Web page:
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Water heater in bathroom
December 9, 2019
3:36 am
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faruqomolabi@gmail.com
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For a SFR, or a sub-metered multi, I'd stick with traditional hot water tanks. I'm partial to gas, myself.

For 2-flat on up with a common hot water source, I'd actually recommend having a tankless feeding into a traditional tank. The tank will keep the water hot, and having the tankless between the tank and the supply will help ensure a virtually "endless" supply of hot water, even if baths/showers, dish washers and laundry are all happening at once.

My $0.02 ...

August 6, 2019
3:26 pm
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fgrable@iccsafe.org
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A point of information: The product (AO Smith HSE-SGS-006) is intended for use in the country of India and may not comply with product standards required for water heaters to to comply with the I-Codes. 

August 6, 2019
3:59 am
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diazsjonathan8@gmail.com
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AO Smith HSE-SGS-006 is a great choice for you. This BEE 5 star rated water heater has extremely low standing loss of 0.28 units/24 hours. Because it has a 3000-Watt heating element, the heating of water is quicker than most normal water heaters in the market (please note: higher wattage in water heater does not mean more electricity consumption but faster heating. Electricity consumption depends on volume of water used). This water heater has AO Smith’s Blue Diamond Glass Lining for corrosion protection of the tank and the heating element is also glass coated for corrosion protection. The heating element is also made of stainless-steel core to protect it from corrosion.

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July 17, 2019
2:39 am
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diazsjonathan8@gmail.com
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We can use instant water heater in bathroom because Instant Water heater is the best to save electricity. instant water heater only for small uses like for wash basins and kitchen Laugh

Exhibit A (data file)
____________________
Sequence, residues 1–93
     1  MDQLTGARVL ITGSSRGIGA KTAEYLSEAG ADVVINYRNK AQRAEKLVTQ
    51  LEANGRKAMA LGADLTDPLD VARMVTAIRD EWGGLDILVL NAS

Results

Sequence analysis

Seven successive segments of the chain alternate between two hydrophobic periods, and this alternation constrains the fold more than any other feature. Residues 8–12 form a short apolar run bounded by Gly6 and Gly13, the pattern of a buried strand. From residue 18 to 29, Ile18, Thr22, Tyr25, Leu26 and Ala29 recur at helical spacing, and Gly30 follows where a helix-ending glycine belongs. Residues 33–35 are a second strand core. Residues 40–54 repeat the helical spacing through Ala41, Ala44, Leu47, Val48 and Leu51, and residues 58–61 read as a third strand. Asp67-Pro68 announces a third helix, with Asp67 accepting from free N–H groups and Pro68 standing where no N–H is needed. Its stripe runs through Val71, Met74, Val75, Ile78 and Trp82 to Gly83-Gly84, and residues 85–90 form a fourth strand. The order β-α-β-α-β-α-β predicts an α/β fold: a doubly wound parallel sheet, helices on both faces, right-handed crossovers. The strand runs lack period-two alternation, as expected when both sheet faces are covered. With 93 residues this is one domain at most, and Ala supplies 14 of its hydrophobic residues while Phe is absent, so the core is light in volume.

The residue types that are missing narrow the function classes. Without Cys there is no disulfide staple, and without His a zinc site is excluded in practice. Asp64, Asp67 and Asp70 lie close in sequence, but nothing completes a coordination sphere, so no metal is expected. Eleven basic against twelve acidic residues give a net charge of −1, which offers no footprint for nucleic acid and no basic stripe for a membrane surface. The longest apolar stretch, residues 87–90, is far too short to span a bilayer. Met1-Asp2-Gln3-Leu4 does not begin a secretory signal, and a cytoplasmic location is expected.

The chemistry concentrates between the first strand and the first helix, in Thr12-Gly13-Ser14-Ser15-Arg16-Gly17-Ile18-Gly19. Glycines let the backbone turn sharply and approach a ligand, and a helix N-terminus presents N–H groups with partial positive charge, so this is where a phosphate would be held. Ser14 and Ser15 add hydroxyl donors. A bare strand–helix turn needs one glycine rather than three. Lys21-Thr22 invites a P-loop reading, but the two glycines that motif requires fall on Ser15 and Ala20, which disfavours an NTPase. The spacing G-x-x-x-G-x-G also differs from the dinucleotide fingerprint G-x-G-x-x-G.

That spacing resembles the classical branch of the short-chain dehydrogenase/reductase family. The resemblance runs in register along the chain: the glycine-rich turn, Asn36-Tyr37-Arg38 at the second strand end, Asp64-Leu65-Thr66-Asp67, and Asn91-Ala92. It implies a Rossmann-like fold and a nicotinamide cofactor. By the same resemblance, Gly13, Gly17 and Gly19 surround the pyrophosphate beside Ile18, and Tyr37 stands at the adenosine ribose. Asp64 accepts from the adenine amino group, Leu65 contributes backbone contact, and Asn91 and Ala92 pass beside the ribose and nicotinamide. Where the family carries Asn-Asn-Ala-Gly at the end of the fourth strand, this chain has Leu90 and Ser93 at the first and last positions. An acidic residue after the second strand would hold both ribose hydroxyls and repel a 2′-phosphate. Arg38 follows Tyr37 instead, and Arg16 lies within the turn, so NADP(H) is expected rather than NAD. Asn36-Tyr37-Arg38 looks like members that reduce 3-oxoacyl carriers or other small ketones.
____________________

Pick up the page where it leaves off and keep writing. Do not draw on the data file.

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December 17, 2004
5:29 am
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maniac
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Originally posted by jim baird:
So, an electric water heater can be put in a bathroom, verdad?

Yes, an electric water heater can be put in a bathroom if is not a Fuel-fired appliance.

December 17, 2004
4:46 am
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jim baird
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So, an electric water heater can be put in a bathroom, verdad?

December 17, 2004
4:20 am
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paul sweet
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From the 2003 IRC:
"M2005.2 Prohibited locations.
Fuel-fired water heaters shall not be installed in a room used as a storage closet. Water heaters located in a bedroom or bathroom shall be installed in a sealed enclosure so that combustion air will not be taken from the living space. Direct-vent water heaters are not required to be installed within an enclosure."

From the 2003 IMC:
"303.3 Prohibited locations.
Fuel-fired appliances shall not be located in, or obtain combustion air from, any of the following rooms or spaces:
1. Sleeping rooms.
2. Bathrooms.
3. Toilet rooms.
4. Storage closets.
5. Surgical rooms.
Exception: This section shall not apply to the following appliances:
1. Direct-vent appliances that obtain all combustion air directly from the outdoors.
2. Solid fuel-fired appliances, provided that the room is not a confined space and the building is not of unusually tight construction.
3. Appliances installed in a dedicated enclosure in which all combustion air is taken directly from the outdoors, in accordance with Section 703. Access to such enclosure shall be through a solid door, weather-stripped in accordance with the exterior door air leakage requirements of the International Energy Conservation Code and equipped with an approved self-closing device."

The concern isn''t the water heater itself, but the source for combustion and ventilation air.

December 16, 2004
9:19 am
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bptp32
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the explanation that was explained to me was the exhaust fan in a bathroom may create a negative pressure situation. in order to equalize the pressure, the fresh air may want to enter the room through the largest opening available, which would be the b-vent opening, which may cause a backdraft situation. A direct-vent or power vent exhaust system may be your alternative choice.

December 16, 2004
8:36 am
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jbh
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The IPC commentary explains: ... In small rooms such as bedrooms and bathrooms, the doors are typically closed when occupied.
The potential threats include oxygen depletion, elevated levels of CO and other combustion gases.

December 16, 2004
6:30 am
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dave nix
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Howdy,

From the 2003 IRC;

Fuel-fired appliances shall not obtain combustion air from any of the following rooms or spaces:
1. Sleeping rooms.
2. Bathrooms.
3. Toilet rooms.

------------------
Dave Nix

December 16, 2004
6:00 am
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maniac
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sp_Print Print Post Post #11

Basically
For the same reason a fireplace or a warm-air furnace may not be approved for installation in a bathroom or bedroom, combustion air.

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